medFLAME+ experiment carried out in Barcelona

As the COVID-19 pandemic has disturbed the process of medical education in a severe manner, the services of, which allow teaching medical students remotely, are in high demand. The medFLAME+ experiment aimed to test various aspects of QoS and QoE of a new a feature of our product – synchronous live playout of recorded surgical sessions during a live lecture.

The original plan was to perform trials in Barcelona with medical students and a professor from the Sant Pau hospital, with which we collaborate regularly. Unfortunately, the pandemic situation did not allow that. The hospital could not participate in the experiment, due to the fact it was operating in “pandemic” mode. Furthermore, the experimenters were not able to travel to Barcelona in order to execute the trial.

Such a situation was foreseen in the experiment planning stage, so the experiment was conducted using the mitigation measures that were planned to minimise the adverse impact of such a turn of events. The remote lecturer was simulated from Poznań by our employee, and the trial was substituted by on-site testing performed with the help of infrastructure staff, complemented by extensive remote testing meant to simulate in-person testing to some degree and utilizing methods for remote measurement of QoS and QoE.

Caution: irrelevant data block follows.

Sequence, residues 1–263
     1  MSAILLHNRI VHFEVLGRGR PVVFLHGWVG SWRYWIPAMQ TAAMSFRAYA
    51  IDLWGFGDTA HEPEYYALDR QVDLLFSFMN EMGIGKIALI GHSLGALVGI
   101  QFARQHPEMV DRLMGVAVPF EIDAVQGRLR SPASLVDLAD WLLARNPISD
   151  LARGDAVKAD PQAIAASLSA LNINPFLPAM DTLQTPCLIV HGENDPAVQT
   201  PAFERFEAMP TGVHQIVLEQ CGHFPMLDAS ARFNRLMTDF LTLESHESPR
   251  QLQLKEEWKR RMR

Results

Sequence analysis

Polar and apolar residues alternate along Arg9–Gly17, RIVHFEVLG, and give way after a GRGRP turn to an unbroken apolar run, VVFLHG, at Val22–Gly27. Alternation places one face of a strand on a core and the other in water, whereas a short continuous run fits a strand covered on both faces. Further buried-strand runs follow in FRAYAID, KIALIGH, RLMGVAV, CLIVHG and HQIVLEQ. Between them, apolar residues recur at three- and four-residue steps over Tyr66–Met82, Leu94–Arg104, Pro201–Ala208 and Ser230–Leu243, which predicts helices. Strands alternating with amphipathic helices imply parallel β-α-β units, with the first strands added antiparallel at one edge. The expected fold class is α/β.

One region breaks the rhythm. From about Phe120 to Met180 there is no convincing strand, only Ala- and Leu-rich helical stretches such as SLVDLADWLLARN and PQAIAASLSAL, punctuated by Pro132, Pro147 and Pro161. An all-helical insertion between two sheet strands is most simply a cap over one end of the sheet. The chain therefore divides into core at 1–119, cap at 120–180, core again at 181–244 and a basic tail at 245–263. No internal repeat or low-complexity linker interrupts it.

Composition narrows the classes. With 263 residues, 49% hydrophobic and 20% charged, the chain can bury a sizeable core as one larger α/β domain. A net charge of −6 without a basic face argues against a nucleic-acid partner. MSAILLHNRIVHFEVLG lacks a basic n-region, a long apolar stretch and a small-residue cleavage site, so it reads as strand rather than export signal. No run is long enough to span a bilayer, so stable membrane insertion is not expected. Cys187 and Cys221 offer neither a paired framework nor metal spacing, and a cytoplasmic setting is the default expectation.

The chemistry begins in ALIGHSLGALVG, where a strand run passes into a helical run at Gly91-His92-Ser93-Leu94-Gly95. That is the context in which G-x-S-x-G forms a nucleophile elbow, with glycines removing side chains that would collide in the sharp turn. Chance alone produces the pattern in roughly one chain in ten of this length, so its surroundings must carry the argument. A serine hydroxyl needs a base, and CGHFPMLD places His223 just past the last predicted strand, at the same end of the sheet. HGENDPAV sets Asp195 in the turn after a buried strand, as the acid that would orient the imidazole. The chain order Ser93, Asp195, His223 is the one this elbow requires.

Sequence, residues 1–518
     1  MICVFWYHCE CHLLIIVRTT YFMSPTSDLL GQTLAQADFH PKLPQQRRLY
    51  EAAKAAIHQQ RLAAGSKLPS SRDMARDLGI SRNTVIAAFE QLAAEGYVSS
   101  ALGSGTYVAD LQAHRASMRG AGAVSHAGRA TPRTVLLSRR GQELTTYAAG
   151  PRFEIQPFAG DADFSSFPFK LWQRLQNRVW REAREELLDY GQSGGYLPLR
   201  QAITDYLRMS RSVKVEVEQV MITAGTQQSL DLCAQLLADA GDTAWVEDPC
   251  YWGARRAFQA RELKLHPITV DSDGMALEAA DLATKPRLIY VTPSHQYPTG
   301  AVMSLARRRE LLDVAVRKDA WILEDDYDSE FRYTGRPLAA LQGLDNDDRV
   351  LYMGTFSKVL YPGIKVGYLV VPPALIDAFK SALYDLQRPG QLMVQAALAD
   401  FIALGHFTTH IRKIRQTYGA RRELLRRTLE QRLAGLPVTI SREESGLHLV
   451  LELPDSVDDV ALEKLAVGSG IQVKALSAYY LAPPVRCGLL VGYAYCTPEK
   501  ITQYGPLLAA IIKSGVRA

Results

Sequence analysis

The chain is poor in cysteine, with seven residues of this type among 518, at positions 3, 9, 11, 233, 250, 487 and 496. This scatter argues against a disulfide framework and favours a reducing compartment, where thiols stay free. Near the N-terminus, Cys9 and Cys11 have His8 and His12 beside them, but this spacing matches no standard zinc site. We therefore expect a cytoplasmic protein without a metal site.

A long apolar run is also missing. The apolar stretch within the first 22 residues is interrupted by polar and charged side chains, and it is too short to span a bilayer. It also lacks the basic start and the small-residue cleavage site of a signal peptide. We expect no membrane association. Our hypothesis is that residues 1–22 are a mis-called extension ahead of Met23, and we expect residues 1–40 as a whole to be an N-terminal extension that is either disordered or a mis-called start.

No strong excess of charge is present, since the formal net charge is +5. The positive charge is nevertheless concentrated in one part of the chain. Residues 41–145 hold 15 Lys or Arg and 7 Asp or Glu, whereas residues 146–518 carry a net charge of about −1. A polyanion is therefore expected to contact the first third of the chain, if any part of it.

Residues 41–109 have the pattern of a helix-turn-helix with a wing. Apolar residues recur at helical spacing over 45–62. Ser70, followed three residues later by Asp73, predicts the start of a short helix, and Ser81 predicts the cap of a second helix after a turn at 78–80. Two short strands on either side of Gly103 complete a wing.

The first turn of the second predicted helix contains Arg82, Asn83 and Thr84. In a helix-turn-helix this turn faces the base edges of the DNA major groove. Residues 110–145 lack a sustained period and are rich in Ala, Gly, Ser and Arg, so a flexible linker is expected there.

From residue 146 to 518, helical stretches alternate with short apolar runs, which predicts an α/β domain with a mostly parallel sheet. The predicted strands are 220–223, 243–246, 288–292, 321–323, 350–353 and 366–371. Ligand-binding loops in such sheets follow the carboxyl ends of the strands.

The on-site testing part of the plan involved 4 persons from the Barcelona infrastructure staff. The test persons executed a few predefined scenarios, including walking along an agreed route or standing in one place to represent a break in a cafe. Afterwards, each test person would evaluate the service by fulfilling a questionnaire on their quality of experience.

The on-site testing part of the experiment was performed in September 2020, and it turned out that, alongside the remote part, all of the originally envisioned results were successfully gathered. The evaluation of those results indicates that, while one could take part in the lecture while sitting in a cafe, it is impossible to do so while walking. Therefore, there is still some effort required on our side to make the system robust enough to work in mobile scenarios in an acceptable way.

The insights gathered thanks to FLAME will allow us to plan the steps necessary to further develop this functionality.